Just five years ago, Advanced Micro Devices’ (AMD) acquisition of Xilinx would have sent shockwaves through the distribution channel. Xilinx and archrival Altera, now owned by Intel, were the last holdouts of a practice called shelf-sharing, where two competitors refuse to be sold side by side — “share shelf ” — at a single distributor.
Xilinx is an exclusive supplier to Avnet Inc., which has carried the line since the late 1980s. Altera was historically aligned with Arrow Electronics Inc. Both distributors carry Intel (Altera’s parent) and AMD (Xilinx’s new owner).
To avoid sharing shelf, Intel (Altera) and AMD (Xilinx) in the past would have to choose between the two global distributors – one of which would lose the combined product lines.
A lot has changed.
During their respective earnings calls this week, Arrow and Avnet executives were asked if they see any risk or benefit from the AMD/Xilinx merger. “Not everything out there [is going to cause] a wholesale change,” said Michael Long, president and CEO of Arrow.
Shelf-sharing has been waning since Intel bought Altera in 2015. Intel is so broad and valuable to the channel – Intel’s sales were $72 billion in 2019 — that its integration of Altera didn’t kick up a fuss in the Xilinx camp. Intel has sold as much as 55 percent of its volume through distribution, so Altera and Xilinx have quietly been available through the same distributors.
This also means smooth sailing for Avnet, whose fate is inextricably tied to Xilinx. Avnet has invested significantly in training, facilities and inventory to support Xilinx over more than 30 years. On Avnet’s earnings call, Avnet Interim CEO Phil Gallagher described its AMD relationship as “outstanding.”
“Our relationship with Xilinx is terrific through the organization, so we feel there’s very minimal risk here at this point,” he added. “I actually think there’s tremendous opportunity for us as these two companies to start building out the data centers, the technology solutions they’re looking to do to combine the best of both.”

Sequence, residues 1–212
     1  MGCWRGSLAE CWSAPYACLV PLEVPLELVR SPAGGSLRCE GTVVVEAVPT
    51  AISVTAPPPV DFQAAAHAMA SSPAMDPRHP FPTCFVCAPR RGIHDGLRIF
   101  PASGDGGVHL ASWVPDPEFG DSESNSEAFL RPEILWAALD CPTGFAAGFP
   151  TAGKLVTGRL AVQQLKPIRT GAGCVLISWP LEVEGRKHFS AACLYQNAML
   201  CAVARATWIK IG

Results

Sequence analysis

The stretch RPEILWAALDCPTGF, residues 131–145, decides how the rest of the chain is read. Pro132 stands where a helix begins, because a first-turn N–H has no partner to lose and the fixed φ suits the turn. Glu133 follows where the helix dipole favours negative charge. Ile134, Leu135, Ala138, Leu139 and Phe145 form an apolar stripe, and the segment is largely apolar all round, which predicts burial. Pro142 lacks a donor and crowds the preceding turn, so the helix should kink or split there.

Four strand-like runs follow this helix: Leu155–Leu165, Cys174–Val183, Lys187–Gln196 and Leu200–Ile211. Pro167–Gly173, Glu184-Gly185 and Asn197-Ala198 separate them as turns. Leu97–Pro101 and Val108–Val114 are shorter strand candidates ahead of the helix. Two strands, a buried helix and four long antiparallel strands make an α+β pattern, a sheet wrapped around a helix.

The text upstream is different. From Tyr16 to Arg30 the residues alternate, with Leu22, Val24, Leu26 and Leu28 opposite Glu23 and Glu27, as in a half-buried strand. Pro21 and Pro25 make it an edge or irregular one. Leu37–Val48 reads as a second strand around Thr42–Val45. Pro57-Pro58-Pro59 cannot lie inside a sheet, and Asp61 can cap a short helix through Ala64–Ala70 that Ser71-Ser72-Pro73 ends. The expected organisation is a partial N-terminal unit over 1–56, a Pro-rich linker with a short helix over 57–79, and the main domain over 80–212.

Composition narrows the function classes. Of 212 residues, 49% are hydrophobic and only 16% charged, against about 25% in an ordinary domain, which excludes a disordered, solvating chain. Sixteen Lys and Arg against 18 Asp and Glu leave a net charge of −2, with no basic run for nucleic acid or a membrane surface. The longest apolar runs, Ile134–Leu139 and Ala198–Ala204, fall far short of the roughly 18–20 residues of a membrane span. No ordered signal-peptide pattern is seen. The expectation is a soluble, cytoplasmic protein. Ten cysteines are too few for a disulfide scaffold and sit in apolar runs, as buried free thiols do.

Avnet was a casualty of Analog Devices’ acquisition of Linear Technology. ADI consolidated its global business under one distributor – Arrow. Avnet carries Maxim, which was just acquired by ADI.
If this sounds confusing, it is. Shelf-sharing began when a U.S.-Japan semiconductor price war erupted in the 1980s. U.S. chipmakers dropped distributors that carried Japanese lines. Competitors (such as AMP and Molex or Intel and AMD) also avoided sharing distributors.
As the electronics industry expanded and globalized, shelf sharing became unpopular with OEM and EMS customers that wanted to consolidate their procurement under fewer distributors. Although the channel’s massive M&A binge in the 1980s and 1990s reduced the distributor population, it also brought competitive vendors together. Under pressure from customers, most suppliers had dropped the shelf-sharing prohibition by the late 1990s.
There was also a power shift in the channel. Semiconductor companies used to dwarf their distribution partners in terms of revenue, and they rarely hesitated to use this clout. The tables have since turned. Arrow ($29 billion in 2019) and Avnet ($17 billion for FY 2020) now outsize most of their suppliers. Distributors say they don’t control their suppliers’ decisions, but their size and reach have certainly increased their leverage.
Most vendors don’t have the resources — or desire — to deal directly with customers or establish an independent sales presence in all global regions.
What distributors now contend with is channel consolidation. ADI sells globally through Arrow; Texas Instruments dropped six distributors in late 2019; and Renesas recently reduced its Asian roster. The industry is waiting to see what impact — if any — ADI’s acquisition of Maxim might have on the channel.
Both Arrow and Avnet this week reported global business conditions are picking up, especially in China. Covid-19 is still impacting EMEA and the Americas and remains the biggest uncertainty going forward. With this in mind, suppliers may be hesitant to make any big distribution moves.
Although OEMs and EMS providers like one-stop shopping, they also don’t want to be too dependent on a single distributor. Customers have a significant influence on the makeup of the channel.